Like baseball, football does not have a consensus greatest player of all-time. Jim Brown would certainly receive many votes and Jerry Rice--the all-time leader in receptions and touchdowns scored--is also in the discussion. Last year, LaDainian Tomlinson shattered the all-time single season records for touchdowns scored and for points scored. The latter mark stood since 1960 and was held by Hall of Famer Paul Hornung, who was a kicker and a running back. It is worth mentioning that Hornung scored 176 points in 12 games, while Tomlinson produced 186 points in 16 games, but even if one still gives Hornung the nod based on points per game Tomlinson's achievement is remarkable because until fairly recently Hornung's mark looked unbreakable even in the longer season. Tomlinson may very well surpass Rice's career touchdown record while at the same time breaking Brown's record for average all-purpose yards per game. Marty Schottenheimer, Tomlinson's coach last year, has already called Tomlinson the finest running back he has ever seen. Granted, it is more than a bit early to call Tomlinson the greatest football player ever but the point is that the possibility certainly exists that he will be on the short list for consideration for that title by the time his career is over--and his record breaking 2007 campaign will likely stand out as one of his best seasons.
Most observers would probably agree that pro basketball's pantheon consists of the top 10 finishers in the 1999 AP panel's vote for Basketball Player of the Century: Michael Jordan, Oscar Robertson, Wilt Chamberlain, Bill Russell, Earvin Johnson, Larry Bird, Kareem Abdul-Jabbar, Elgin Baylor, Jerry West and Julius Erving. Shaquille O'Neal could arguably be added to that group but he is clearly well past his prime now. Tim Duncan also deserves mention but his best years statistically are also likely behind him, though he may very well anchor more championship teams. However, there are two active players who are at or near their primes who have an excellent chance to join the pantheon: Kobe Bryant and LeBron James. Bryant appears to be doing Jordan's career in reverse and on a smaller scale, winning three championships early and collecting scoring titles now. Although Bryant has yet to win an MVP, most informed and objective observers consider him to be the best player in the game (James--and many other players--agree with that). If Bryant continues to perform at a high level individually and/or adds at least one more championship then his resume will stack up with the best of the best--and it will probably be thought that he was at the height of his individual powers the past couple years, when he seemingly could score at will. James is also a highly potent scorer and last season he proved that he could carry a team all the way to the NBA Finals. His best years are likely still in front of him but when we look back 2006-07 will at the very least probably be considered the start of his prime, the beginning of his ascension to the very top of the basketball world. If things break right--and admittedly a lot would have to happen--perhaps we will be fortunate enough to see Bryant and James battle against each other head to head in the Finals (or earlier in the playoffs if Bryant is traded to an Eastern Conference team or signs with one when he becomes a free agent).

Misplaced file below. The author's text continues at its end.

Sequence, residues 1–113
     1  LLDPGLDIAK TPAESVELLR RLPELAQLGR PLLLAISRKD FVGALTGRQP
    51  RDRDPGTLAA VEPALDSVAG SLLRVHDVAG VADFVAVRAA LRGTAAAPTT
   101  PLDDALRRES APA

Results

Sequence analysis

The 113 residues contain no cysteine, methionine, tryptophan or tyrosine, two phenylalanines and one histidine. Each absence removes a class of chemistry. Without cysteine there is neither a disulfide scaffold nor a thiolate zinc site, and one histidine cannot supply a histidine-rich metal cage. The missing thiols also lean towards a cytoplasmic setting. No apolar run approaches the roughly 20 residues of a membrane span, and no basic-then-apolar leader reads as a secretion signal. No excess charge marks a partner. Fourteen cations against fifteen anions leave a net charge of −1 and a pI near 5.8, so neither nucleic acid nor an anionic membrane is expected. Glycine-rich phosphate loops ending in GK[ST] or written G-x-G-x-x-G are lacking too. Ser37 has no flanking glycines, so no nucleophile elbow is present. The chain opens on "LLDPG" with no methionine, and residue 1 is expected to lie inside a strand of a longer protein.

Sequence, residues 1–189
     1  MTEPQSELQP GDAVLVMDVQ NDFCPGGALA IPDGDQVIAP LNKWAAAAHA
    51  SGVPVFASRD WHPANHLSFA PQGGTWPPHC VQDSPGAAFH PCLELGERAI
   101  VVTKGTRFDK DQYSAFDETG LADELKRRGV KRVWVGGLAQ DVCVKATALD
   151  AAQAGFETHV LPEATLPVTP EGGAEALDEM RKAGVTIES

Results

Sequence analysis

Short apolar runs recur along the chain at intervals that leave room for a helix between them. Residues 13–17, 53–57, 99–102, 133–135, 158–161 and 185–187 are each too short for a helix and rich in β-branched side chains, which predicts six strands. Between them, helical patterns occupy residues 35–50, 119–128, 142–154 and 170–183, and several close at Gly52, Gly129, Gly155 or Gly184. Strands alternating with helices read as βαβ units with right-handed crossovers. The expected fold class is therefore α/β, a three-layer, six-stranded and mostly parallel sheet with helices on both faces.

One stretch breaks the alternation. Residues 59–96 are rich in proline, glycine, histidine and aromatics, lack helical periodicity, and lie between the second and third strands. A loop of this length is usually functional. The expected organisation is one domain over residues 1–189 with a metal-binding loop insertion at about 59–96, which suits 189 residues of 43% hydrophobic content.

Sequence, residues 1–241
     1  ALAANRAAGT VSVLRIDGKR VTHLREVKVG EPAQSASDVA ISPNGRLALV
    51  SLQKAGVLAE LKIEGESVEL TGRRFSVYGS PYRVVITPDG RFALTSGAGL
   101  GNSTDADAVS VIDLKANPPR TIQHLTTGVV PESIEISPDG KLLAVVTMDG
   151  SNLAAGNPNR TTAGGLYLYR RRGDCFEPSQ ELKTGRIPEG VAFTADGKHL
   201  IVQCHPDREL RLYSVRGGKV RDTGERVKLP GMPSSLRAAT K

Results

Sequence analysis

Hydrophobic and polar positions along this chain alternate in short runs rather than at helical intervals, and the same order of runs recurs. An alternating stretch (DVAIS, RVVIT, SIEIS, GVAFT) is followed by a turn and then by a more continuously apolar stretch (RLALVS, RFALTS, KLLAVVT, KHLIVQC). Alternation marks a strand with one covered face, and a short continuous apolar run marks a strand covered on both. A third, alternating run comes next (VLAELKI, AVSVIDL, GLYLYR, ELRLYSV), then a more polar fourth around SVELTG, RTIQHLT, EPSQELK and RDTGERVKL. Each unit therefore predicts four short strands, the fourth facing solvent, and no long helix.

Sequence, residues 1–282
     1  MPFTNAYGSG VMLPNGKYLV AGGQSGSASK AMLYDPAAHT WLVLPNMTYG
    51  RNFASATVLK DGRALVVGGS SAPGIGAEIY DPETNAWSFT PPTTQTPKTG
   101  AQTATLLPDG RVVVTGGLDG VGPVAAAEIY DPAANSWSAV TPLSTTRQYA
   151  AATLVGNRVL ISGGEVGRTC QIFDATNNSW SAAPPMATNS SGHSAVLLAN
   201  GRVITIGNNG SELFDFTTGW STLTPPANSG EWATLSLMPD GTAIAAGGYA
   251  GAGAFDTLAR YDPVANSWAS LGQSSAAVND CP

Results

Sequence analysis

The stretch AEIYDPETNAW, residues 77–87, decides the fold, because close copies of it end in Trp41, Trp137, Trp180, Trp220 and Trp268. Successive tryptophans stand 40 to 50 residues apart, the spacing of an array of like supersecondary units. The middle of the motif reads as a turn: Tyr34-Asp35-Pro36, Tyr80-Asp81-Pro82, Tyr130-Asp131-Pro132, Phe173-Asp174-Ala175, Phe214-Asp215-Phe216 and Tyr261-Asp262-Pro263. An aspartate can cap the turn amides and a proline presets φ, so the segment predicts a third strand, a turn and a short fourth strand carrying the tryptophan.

Tiger Woods, Roger Federer, Alex Rodriguez, Kobe Bryant/LeBron James, LaDainian Tomlinson--yes, these are the "good old days."